But Ali is far from fine. According to her friends, she is acting strangely, taking long baths and so on. Emily is concerned, and reminds her, “Three weeks ago there was this chunk bitten out of your leg.” (Not true, as we saw, but whatever.) Ali tells her, “That’s the thing about almost dying, Emily: it is a real buzz kill.” Emily points out that there isn’t even a scar on her leg. But we’re already well aware of that. After all, there was never a wound. Ali then hitchhikes to the lake, and the guy that picks her up goes swimming with her. Hey, someone scribbled on his flesh too, in the same place where that grocery list is written on Ali. Could this be a key to unlocking the mystery of Shark Exorcist? Who has been writing on this movie’s cast?

Meanwhile a redhead named Nancy Chase is doing a low-budget exposé on the lake. She hosts a reality-type show titled Ghost Whackers, which is shot by a guy with a cheap video camera (just like the rest of the movie). Though at certain points she turns away from the guy with the camera and speaks directly to us through the movie’s camera, oddly breaking the fourth wall, and giving her cameraman a dubious shot of the back of her head. She also talks to the water, asking if it’s true that sharks have been attacking people. She says, “If there is a shark here, I believe it’s possessed, possessed by a demon.” Okay, then. And she acts like she herself is possessed. When some girl interrupts her taping to protest and insult her show, rather than just cutting until the woman leaves, Nancy acts like her show is being broadcast live. Weird. And the second time Nancy acts like she’s possessed, her film crew (meaning that one guy) runs away. No matter.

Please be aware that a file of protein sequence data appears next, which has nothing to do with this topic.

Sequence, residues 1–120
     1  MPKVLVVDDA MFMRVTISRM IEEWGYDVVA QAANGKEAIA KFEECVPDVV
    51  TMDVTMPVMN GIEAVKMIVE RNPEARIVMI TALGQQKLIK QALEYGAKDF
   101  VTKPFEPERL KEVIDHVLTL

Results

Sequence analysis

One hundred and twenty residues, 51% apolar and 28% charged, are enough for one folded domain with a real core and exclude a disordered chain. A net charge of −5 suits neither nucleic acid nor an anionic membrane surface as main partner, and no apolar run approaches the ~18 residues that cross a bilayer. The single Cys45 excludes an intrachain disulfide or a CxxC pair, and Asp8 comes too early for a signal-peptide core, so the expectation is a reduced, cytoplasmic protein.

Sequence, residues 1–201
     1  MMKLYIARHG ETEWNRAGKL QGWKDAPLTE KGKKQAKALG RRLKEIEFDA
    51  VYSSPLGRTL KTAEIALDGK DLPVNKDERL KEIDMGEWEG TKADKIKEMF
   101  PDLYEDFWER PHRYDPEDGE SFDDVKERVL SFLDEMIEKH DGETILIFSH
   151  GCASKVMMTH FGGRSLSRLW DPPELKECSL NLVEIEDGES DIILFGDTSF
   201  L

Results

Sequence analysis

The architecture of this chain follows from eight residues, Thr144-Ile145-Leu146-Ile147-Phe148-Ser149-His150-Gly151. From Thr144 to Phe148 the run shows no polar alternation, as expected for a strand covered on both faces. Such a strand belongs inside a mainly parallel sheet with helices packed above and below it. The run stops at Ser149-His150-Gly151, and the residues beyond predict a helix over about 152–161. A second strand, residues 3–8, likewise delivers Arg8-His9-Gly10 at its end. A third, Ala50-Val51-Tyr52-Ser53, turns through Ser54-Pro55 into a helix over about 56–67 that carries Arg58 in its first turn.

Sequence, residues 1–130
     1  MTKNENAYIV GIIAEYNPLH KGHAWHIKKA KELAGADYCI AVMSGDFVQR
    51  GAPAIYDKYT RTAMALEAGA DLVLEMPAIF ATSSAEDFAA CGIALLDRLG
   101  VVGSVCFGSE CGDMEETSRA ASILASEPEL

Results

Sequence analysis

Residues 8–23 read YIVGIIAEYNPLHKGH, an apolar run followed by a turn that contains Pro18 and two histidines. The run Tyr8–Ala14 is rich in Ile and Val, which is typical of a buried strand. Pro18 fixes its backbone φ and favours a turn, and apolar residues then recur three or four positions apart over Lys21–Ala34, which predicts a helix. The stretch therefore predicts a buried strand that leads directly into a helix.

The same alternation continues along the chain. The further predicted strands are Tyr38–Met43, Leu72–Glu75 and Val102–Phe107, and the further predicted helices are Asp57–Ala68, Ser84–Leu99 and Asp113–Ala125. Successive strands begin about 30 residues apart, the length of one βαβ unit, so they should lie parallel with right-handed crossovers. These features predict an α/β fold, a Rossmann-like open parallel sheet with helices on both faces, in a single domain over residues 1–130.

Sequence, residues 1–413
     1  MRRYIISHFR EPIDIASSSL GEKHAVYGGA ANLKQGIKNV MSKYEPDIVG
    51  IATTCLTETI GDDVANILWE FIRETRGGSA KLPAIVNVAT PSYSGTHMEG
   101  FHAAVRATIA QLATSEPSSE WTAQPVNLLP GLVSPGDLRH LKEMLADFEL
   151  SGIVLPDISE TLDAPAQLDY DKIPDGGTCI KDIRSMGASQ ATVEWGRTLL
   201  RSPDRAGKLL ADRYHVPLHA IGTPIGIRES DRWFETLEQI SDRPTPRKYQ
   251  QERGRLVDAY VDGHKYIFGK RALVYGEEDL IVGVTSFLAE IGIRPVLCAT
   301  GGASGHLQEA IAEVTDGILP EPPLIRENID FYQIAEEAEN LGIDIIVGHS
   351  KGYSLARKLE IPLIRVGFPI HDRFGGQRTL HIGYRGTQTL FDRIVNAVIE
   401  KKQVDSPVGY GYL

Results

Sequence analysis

As for the film’s title, well, there is a priest named Father Michael who gets a letter about the mysterious death of his brother, and shows up to… well, investigate, I assume. Is his brother the guy with the writing on his side? We’re never told. The letter, by the way, is read in voice over by someone who seems to be struggling to speak. Father Michael seems to have some information on Ali’s troubles. And during the short exorcism scene, we get the obligatory, inevitable Jaws reference: "You’re going to need a bigger cross." (We also get the pea soup from The Exorcist.) And for some reason, the movie shows us three witches trying to summon a spirit, while some other girl crawls around in a graveyard. Nothing ever comes of this, so pay these characters no attention. There is also a retarded woman playing with toy sharks on a playground. Hey, does she always wear her swimsuit under her clothes?

Three more blondes are introduced halfway through the movie, and – oh no – they’re sorority sisters. Or, one is, and the other two want to be. If they are willing and able to swim in the lake without getting eaten by the shark, they get to join the sorority. That leads to the question, which is the worse fate? But don’t worry – these three girls are here for only one scene, and then are forgotten. And there is a long scene of some other blonde walking along slowly, then putting down a towel, sitting on it and playing with her phone. Who is she? A guy is watching her, taking photos of her. Who is he? No idea. But we get to see him scroll through every single photo he’s taken of the girl with his phone. This exciting development is shortly before the end of the film.